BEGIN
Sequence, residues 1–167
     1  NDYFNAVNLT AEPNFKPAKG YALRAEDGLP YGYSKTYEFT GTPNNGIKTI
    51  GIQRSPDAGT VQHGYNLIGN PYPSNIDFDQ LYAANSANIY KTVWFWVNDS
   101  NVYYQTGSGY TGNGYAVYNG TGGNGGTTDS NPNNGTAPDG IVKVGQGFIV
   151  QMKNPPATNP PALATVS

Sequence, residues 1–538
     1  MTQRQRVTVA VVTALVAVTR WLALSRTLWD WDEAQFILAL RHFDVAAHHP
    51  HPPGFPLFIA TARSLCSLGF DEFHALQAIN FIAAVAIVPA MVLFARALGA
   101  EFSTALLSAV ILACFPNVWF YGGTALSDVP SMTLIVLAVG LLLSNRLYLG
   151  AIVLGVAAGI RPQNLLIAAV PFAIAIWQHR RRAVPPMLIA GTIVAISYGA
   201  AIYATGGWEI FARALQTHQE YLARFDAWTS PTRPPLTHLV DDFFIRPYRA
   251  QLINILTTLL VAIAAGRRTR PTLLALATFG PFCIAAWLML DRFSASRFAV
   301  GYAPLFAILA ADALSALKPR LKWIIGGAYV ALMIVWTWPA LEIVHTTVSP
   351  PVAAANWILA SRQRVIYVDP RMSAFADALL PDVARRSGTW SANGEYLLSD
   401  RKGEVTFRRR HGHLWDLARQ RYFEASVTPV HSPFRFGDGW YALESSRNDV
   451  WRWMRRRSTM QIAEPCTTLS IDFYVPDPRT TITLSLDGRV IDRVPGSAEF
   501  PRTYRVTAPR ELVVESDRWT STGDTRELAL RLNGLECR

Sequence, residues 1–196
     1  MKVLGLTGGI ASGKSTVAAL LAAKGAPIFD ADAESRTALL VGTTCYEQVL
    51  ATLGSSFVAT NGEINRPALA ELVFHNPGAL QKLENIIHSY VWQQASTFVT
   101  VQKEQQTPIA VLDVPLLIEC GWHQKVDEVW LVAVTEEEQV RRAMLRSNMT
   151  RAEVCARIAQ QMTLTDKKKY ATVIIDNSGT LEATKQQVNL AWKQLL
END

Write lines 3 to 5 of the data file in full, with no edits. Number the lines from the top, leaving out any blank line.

    51  GIQRSPDAGT VQHGYNLIGN PYPSNIDFDQ LYAANSANIY KTVWFWVNDS
   101  NVYYQTGSGY TGNGYAVYNG TGGNGGTTDS NPNNGTAPDG IVKVGQGFIV
   151  QMKNPPATNP PALATVS